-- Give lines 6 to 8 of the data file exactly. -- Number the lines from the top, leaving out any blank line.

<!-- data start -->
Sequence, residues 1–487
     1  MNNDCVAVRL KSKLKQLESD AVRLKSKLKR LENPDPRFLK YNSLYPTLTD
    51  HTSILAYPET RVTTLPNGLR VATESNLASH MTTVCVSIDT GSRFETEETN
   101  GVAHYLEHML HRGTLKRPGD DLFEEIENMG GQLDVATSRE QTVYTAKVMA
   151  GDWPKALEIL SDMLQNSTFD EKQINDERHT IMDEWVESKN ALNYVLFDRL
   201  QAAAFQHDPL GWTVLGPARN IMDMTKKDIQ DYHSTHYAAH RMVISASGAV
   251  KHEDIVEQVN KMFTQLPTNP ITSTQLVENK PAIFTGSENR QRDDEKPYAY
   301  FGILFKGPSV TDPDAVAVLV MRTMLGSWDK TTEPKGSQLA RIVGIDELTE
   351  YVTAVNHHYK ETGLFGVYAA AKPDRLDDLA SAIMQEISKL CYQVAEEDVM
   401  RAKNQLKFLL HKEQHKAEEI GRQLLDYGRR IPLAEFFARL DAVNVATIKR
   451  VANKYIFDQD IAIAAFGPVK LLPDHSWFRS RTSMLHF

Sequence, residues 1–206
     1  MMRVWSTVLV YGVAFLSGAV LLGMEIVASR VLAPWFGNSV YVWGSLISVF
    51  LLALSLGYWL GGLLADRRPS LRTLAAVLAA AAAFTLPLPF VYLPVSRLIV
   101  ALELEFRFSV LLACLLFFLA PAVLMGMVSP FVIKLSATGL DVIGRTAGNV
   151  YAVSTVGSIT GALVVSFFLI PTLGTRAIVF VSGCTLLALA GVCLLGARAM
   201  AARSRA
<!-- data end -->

   201  QAAAFQHDPL GWTVLGPARN IMDMTKKDIQ DYHSTHYAAH RMVISASGAV
   251  KHEDIVEQVN KMFTQLPTNP ITSTQLVENK PAIFTGSENR QRDDEKPYAY
   301  FGILFKGPSV TDPDAVAVLV MRTMLGSWDK TTEPKGSQLA RIVGIDELTE